If you don’t want to book on the phone, there should be a comment section where you can type in special requests. At higher-end hotels, a staff member will likely reach out to you prior to arrival to make sure everything’s arranged to your liking. And make sure to mention if you’re celebrating a birthday or anniversary. You just might get a bottle of wine or dessert to mark the occasion, like I did when I celebrated a birthday in Hawaii. The hotel staff sent a bottle of pineapple wine and a birthday cake.

Check out the fitness centre for freebies

Sure, you can work out in the fitness centre if you want. But even if you’re taking a break from working out while on holiday, stop by the hotel gym. It’s often stocked with bottled water, fresh fruit and energy bars that you can grab. Large hotels and resorts also offer fun classes like outdoor yoga, beach walks and meditation that you might want to check out. For more freebies, ask the concierge desk if they have any coupons or discount codes for tourist activities, restaurants, shops or water parks. And if you need little extras like shampoo, a toothbrush, or another robe – call housekeeping and ask politely.

Join the hotel loyalty program

Since I often checked in using a pseudonym, or received a comped hotel room at a press rate, I didn’t get the insane hotel loyalty points you might be imagining. But that doesn’t mean you shouldn’t sign up. The only way to earn hotel loyalty points is to book directly with the property. Some third-party booking platforms do run their own independent rewards programs, but those points are only good on their specific sites. Instead, stick to one or two hotel chain’s loyalty program, and you’ll eventually accrue enough points for free breakfast, later checkouts and free visits. Pro tip: check to see if your current credit card partners with any hotel chains for even more bonus points.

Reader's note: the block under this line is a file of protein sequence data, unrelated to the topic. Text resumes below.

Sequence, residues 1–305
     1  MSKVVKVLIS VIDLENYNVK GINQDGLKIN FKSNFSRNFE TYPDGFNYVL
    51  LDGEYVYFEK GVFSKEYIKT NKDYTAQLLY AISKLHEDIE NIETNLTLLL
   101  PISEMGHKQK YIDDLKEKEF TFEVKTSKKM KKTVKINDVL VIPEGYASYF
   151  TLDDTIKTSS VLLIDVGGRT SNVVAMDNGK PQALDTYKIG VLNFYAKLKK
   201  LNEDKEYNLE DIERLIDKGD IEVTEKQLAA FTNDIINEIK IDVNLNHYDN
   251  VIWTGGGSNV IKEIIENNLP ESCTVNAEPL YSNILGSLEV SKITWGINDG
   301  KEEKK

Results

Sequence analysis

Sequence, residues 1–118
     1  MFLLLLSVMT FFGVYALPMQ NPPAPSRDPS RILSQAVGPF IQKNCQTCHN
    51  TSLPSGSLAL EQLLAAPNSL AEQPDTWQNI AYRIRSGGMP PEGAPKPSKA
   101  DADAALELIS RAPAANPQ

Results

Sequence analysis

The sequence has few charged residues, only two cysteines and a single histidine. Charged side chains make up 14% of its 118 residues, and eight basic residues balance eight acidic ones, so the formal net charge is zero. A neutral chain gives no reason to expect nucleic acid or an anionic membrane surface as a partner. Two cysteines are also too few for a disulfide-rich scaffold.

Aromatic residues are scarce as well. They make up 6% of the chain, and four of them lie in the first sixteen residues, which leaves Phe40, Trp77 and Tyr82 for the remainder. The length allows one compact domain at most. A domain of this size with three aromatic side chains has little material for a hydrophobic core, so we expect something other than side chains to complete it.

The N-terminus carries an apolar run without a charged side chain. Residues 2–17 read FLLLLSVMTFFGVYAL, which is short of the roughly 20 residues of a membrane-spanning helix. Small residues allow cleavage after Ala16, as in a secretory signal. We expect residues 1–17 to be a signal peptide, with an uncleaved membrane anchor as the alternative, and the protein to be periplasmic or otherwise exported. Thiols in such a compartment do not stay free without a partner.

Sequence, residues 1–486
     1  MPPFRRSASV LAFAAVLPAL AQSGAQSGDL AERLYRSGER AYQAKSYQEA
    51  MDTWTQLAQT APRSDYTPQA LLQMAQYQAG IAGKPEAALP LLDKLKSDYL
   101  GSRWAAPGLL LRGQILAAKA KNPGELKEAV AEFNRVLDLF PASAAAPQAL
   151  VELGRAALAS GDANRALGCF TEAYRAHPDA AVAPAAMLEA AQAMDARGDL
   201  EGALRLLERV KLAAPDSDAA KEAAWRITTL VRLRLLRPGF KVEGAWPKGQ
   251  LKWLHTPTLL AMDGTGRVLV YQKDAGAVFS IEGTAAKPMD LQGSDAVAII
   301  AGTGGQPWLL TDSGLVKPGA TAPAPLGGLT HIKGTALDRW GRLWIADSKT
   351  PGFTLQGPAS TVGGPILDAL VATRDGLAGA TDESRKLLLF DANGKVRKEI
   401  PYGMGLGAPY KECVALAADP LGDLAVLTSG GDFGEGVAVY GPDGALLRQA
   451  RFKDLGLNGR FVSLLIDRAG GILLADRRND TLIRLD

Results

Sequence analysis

Splurge on room service, and make it breakfast

It’s not a real holiday if you don’t get room service at least once. My advice is to make it breakfast. There’s something so luxurious about eating a fruit plate in a bathrobe and lingering over coffee while you get ready for the day. Breakfast foods tend to travel best, too. I’ve had way too many less than stellar salmon and steak room service dinners (including one that gave me a severe case of food poisoning). If you’re at the hotel for dinner, I highly suggest having it at the bar instead of in your room.

Even mid-range hotels usually allow guests to place their room service breakfast order the night before. Most hotels even have a room service order card you can simply place on the exterior doorknob the evening before. Simply make your breakfast selections, choose the time frame you’d like it delivered, and enjoy breakfast in bed the following morning.

If there’s a problem, communicate it

Hotels want you to enjoy your stay. After all, hotels are part of the hospitality industry. It’s in a hotel’s best interest for all of their guests to have positive experiences so they return and recommend the hotel to friends and family. But issues can arise at even the most highly rated hotels. Before you take to social media to complain, let hotel staff know what went wrong and give them a chance to fix the situation. Maintenance staff is on hand to fix most issues, and management will switch your room (often with an upgrade) or comp your meal if necessary. I once checked into a luxury hotel room in Las Vegas that reeked of cigarette smoke. One quick call to the front desk and I was immediately switched to one that smelled better. Problem solved.

Ask for turndown service

Not all hotels offer turndown service, but most of the four- and five-star hotels do. It might be automatic, but you can usually request it. It’s definitely worth getting the evening refresh for a stash of fresh towels, straightened bedding and emptied wastebaskets. Staff will often dim the lights and play soft music to set the stage for relaxation. The best turndown service also includes thoughtful extras like bedside water, your slippers laid out and even an evening treat like bath salts or chocolates.

Pack duct tape

This one is for all the light sleepers out there. Hotel rooms usually have high-quality blackout curtains to block external light, but what about all the lights inside the room? Blinking and bright lights on espresso machines, TVs, smoke detectors and the bedside alarm clock can bother sensitive sleepers. My solution? Place a little piece of duct tape over the lights before bed.

Written by Megan Wood. This article first appeared on Reader’s Digest. For more of what you love from the world’s best-loved magazine, here’s our best subscription offer.